“I could have had a nice career as a professor studying amazing ecosystems, but the cloud forests wouldn’t survive — my research wouldn’t help them. I had to tackle [the problem of] resource overconsumption.” He departed academia and relocated to Willits, California to work on economic relocalization. He started a network of people pursuing a thriving but thrifty local economy. He produced and hosted The Reality Report, a radio program about sustainability. He founded Willits Economic Localization, a nonprofit that served as a template for the Transition Towns movement. That’s a bold and effective response to the uh-oh moment, but it wasn’t enough for Bradford. Not content just talking about the issues, he wanted to create a successful demonstration of economic localization.
No sector of the economy is more fundamental than food, and Bradford’s background in plants made him a natural for exploring the local food economy. He started an organic vegetable farm and partnered with a nearby school to bring his produce into the cafeteria. Despite his farm’s success, his overactive mind wouldn’t rest. “I had worked so hard on one acre, but what I had accomplished wouldn’t show up on a bar chart. Our produce wasn’t selling in Safeway where most of my neighbors went grocery shopping.” Bradford realized that to make a difference in the food economy, local organic farms needed more support, and that meant access to big money. The stage was set for another move.
Bradford knew he needed to be in a premium agricultural region. Hence the move to Oregon’s Willamette Valley. Based on land prices, proximity to markets, water availability, and the sustainability-literate population, he recognized the city of Corvallis as the perfect place to launch Farmland LP and bolster the local food economy.
For an organization with a world-changing agenda, Farmland LP has a refreshingly simple model that can be explained in five basic statements: (1) Attract money from investors. (2) Buy conventional farmland. (3) Convert the farmland to organic. (4) Sell high-value crops, meats, and seeds in the local economy. (4) Provide a reasonable rate of return to investors. (5) Scale up operations so that healthy lands and healthy foods become the cornerstone of the economy.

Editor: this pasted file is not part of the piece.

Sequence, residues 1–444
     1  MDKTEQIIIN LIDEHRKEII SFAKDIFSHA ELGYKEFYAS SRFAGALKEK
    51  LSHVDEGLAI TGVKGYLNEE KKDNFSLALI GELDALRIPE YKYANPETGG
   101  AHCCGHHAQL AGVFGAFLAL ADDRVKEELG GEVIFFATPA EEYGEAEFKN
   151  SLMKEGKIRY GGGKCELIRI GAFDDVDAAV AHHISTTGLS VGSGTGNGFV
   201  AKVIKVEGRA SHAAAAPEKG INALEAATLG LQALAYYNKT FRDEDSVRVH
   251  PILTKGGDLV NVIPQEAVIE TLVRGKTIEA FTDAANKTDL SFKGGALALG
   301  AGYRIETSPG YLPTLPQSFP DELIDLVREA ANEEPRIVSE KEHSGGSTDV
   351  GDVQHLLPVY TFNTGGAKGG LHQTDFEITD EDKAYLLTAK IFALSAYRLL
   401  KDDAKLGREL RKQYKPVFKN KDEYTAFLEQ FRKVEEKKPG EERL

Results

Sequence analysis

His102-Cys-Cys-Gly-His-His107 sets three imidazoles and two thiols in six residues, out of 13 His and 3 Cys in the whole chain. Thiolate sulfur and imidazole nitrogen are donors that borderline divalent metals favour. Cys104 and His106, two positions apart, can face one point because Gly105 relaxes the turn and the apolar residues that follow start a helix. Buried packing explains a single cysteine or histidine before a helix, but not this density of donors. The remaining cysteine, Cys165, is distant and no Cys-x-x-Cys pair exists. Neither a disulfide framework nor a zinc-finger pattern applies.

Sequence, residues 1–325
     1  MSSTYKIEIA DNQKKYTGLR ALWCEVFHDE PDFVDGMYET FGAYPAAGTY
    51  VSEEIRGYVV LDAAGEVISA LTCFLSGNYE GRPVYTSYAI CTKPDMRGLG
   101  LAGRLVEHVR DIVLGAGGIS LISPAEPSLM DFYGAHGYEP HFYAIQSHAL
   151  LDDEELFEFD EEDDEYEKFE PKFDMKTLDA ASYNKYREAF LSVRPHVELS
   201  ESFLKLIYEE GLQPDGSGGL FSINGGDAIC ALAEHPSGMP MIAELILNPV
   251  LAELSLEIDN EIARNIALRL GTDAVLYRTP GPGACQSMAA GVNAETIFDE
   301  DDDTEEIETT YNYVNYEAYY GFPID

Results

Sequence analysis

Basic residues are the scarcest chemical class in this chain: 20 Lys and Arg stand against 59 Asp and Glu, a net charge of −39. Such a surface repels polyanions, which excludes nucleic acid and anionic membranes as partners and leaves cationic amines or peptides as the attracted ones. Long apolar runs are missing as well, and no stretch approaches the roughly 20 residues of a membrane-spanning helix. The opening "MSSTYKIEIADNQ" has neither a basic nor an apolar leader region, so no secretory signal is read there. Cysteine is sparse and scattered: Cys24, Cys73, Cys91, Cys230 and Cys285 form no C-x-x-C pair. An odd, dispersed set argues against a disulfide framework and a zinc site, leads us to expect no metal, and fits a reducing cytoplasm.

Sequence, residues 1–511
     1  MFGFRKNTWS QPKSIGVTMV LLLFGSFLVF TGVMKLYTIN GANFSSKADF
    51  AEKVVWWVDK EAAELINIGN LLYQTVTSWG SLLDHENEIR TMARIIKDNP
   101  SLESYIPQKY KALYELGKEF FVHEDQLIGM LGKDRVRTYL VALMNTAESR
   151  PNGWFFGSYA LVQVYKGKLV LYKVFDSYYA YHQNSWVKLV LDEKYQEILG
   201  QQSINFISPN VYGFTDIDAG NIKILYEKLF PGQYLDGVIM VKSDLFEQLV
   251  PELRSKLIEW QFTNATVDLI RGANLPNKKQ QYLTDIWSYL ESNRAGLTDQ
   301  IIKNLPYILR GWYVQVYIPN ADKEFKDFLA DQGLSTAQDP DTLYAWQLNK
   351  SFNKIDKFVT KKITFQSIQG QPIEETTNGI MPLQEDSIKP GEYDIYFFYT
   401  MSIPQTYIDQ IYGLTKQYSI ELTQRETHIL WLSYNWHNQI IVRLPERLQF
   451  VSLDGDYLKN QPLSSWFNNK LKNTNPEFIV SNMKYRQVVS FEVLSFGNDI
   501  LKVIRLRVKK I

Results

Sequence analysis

In contrast to the model, getting Farmland LP up and running has been anything but simple. Bradford and his business partner Craig Wichner took on considerable personal risk, working without a paycheck or a safety net for years. But their efforts are paying dividends. They have attracted funding not only to buy land, but also to purchase livestock and equipment and hire farmers. In 2011 they had 260 acres. By the end of 2012 they had bought 6,000 more acres, and now both agricultural products and additional investments are flowing more freely.
It can be real stunner when you internalize the uh-oh moment. It’s enough to make you want to dig a hole, climb in, and hide from what you’ve learned. Jason Bradford dug a hole and found not only the root of the problem, but also room to nurture the roots of a solution.